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Chattanooga Gas reminds communities to dig safely as outdoor projects increase during Safe Digging Month

Chattanooga, Tenn. – April 5, 2021 – To help keep springtime outdoor projects running smoothly and safely, Chattanooga Gas is reminding the community during April, Safe Digging Month, that do-it-yourself homeowners and professional excavators alike are required by law to call 811 before digging on any property.

“We put safety first as we provide our customers with the comforts of natural gas, but we can’t do it alone,” said Tiffany Callaway-Ferrell, vice president of operations at Chattanooga Gas. “By identifying the location of the underground infrastructure in your area before starting a new project, you can do your part to stay safe and protect our state.”

Even simple projects such as gardening and landscaping can be dangerous and disruptive when digging with utility cables and pipes underground. Chattanooga Gas emphasizes the importance of contacting 811 to have underground infrastructure located before the start of any digging project. This includes fence installation, driveway or sidewalk paving, building a home addition or installing a pool. The requirement to call 811 also applies before clearing a sewer line, tunneling, grading, boring, blasting or similar work.

Chattanooga Gas has approximately 1,700 miles of natural gas infrastructure throughout Tennessee. In addition to those lines, there are underground communications cables, electric, water and sewer lines and other utility lines on every property. Knowing where underground utilities are before putting a shovel in the dirt helps prevent injuries, property damage and inconvenient service outages.

To help ensure communities stay safe and connected, Chattanooga Gas offers the following safe digging guidelines:

  • Contact or Click 811 Before You Dig: When starting an outdoor digging project, contact 811 or visit at least three days in advance to request that locating experts mark underground utility lines. Requests are free and can be made 24 hours a day, seven days a week.
  • Allow the Required Time for Marking: After contacting 811, wait to have underground utility lines marked before starting to dig. The approximate location of underground utility lines will be marked with color-coded spray paint, flags or stakes that correspond to the utility. The color used for natural gas is yellow.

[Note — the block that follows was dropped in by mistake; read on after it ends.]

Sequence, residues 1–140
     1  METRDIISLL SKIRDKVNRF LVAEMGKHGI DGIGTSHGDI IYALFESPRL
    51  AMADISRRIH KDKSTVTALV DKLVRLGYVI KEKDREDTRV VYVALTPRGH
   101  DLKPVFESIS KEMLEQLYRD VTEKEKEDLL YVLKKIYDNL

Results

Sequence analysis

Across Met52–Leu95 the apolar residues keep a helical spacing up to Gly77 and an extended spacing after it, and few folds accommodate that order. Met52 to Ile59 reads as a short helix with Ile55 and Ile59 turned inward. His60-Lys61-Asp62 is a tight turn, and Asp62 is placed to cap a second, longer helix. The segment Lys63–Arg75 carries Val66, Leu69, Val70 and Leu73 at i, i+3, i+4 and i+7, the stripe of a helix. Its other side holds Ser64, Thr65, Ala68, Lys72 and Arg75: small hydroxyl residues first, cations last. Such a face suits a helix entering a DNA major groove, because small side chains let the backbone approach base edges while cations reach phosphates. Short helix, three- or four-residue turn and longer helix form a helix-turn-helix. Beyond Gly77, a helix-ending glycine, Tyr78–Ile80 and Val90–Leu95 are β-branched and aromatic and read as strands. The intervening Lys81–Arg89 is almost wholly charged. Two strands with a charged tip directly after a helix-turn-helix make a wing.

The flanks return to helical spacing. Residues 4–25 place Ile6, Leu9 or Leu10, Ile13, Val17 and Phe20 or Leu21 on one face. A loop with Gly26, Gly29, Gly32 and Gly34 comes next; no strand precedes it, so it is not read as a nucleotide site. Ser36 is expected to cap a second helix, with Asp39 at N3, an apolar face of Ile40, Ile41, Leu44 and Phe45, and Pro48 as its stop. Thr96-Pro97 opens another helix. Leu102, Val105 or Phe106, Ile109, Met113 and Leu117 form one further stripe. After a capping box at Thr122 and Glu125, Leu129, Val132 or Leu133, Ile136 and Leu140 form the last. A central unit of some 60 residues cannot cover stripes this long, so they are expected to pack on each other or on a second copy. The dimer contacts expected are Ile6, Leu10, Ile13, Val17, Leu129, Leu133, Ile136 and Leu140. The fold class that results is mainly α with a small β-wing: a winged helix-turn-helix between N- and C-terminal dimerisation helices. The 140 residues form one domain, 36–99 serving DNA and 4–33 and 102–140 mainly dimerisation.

• Respect the Marks: Only use hand digging tools to uncover the area carefully around a utility line when you need to dig close by. 
  • Excavate Carefully: Make sure the marks remain visible during the project. If they are damaged or removed, customers are encouraged to contact 811 to have lines remarked. If a natural gas line is damaged accidentally or the distinctive rotten-egg odor associated with natural gas is present, call 911 or the Chattanooga Gas 24-hour emergency phone line at 1-866-643-4170 from a safe location. Do not operate any machinery or equipment that might cause a spark or create an open flame.

The company also provides a fun, interactive way for parents and their children to learn about natural gas safety with its digital Safe Digging Arcade. The arcade uses science, engineering, technology and math puzzles and games to educate children about how their families can stay safe and avoid damaging a utility line when digging around their homes.


About Chattanooga Gas

Chattanooga Gas is one of seven natural gas distribution companies of Southern Company Gas, a wholly owned subsidiary of Southern Company (NYSE: SO). Chattanooga Gas provides retail natural gas sales and transportation services to approximately 68,000 customers in Hamilton and Bradley counties in southeast Tennessee. The Chattanooga Gas service area includes the communities of Chattanooga, Cleveland, Red Bank, East Ridge, Lookout Mountain and Signal Mountain. For more information, visit

About Southern Company Gas

Southern Company Gas is a wholly owned subsidiary of Atlanta-based Southern Company (NYSE:SO), America’s premier energy company. Southern Company Gas serves approximately 4.3 million natural gas utility customers through its regulated distribution companies in four states with approximately 631,000 retail customers through its companies that market natural gas. Other nonutility businesses include investments in interstate pipelines, asset management for natural gas wholesale customers and ownership and operation of natural gas storage facilities. For more information, visit

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